Dal'qörian Post positive adjectives
These are adjectives that, in English, immediately follow a noun 'without' a verb, especially in certain institutionalized expressions:
* the Governor General
* the Princess Royal
* times past
Post position is obligatory when the adjective modifies a pronoun:
* something useful
* everyone present
* those responsible
They are also commonly found together with superlative-attributive adjectives (although not obligatory):
* the shortest route possible
* the worst conditions imaginable
* the best hotel available
In Dalcurian, (with the exception of institutional titles of position), the postpositive adjective is ALWAYS introduced 'after' the noun as a taÞ clause (omitting this is considered a grammatical faux pas) :
- Di Siasájarega’Lamæa. The Princess Royal
- Di Vitihæarátsi’Algemérädn. The Governor General
- SáÞ épø, taÞ gä’ábragör. Times past. (lit: Those times, that have gone.)
- EÞöa, taÞ vosérädn. Something useful. (lit: Something, that is useful.)
- Yetrasáb, taÞ qedérÞ. Everyone present. (lit: Everyone, that is present. Colloquailly, you can use eladiö-you all).
- SáÞ, taÞ gé’Þerapönas. Those (who were) responsible (Note here that the Dalcurian example is in the past tense, however the English translation can still be those responsible; tense becoming clear from conext).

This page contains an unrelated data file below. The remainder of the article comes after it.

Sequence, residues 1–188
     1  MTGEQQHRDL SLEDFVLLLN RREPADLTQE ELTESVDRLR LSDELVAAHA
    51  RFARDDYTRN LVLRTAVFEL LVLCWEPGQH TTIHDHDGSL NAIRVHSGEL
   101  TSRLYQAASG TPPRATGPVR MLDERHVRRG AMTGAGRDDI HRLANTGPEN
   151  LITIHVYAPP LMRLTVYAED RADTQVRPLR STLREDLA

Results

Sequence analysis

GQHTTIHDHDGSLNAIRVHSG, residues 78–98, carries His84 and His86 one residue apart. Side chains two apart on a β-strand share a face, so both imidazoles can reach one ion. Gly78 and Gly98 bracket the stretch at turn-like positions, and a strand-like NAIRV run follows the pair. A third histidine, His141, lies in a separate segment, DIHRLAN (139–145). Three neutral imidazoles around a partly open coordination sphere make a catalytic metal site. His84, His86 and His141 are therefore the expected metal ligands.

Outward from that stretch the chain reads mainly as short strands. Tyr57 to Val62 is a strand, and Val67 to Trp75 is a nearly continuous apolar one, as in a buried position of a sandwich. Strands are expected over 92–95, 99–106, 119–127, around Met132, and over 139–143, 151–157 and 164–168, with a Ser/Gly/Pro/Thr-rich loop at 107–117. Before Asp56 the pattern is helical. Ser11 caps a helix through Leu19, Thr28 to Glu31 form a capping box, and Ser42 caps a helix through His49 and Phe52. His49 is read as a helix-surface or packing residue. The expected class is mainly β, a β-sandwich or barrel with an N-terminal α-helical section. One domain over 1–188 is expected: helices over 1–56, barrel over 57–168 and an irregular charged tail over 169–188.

- Di te’tiriø vécan, taÞ söcasendras. The shortest route possible. (lit: The shortest route, that is possible).
- Di tev’éagöra gasániabödä, taÞ aviablos. The best hotel available. (lit: The best hotel, that is available).
- SéÞa di te’darø qurnisæ, taÞ minä näocr æmöaÞr. These are the worst conditions imagineable. (lit: These are the worst conditions that I could imagine).
ONE TO WATCH: Lets take a look at this last example. There are some adjectives which do not exist in Dalcurian, that are quite common in English. This is because Dalcurian only allows for 'one' adjective to be formed from a verb, thus taking the adjective ending ädn. However, in English, more than one adjective may be derived from a verb taking either able or ive as an ending:
|verb||adjective 1||adjective 2|
Where there are two such adjectives in English, only one of these exists in Dalcurian; that being the ave/ive equivalent (although there are many verbs in English that only form one or the other eg: to seduce only forms seductive as an adjective, and to deploy only forms deployable, both being rendered in Dalcurian with the ending ädn). So, in order to equate the able/ible form, one can ‘verbalize’ the sentence, as in the example.
Stylistically, and Dalcurians often employ this method for emphasis, one can use a noun:
- Am di æmöaÞrämös qve binöra, séÞa di te’darø qurnisæ. These are the worst conditions imagineable. (lit: In my imagination, these are the worst conditions).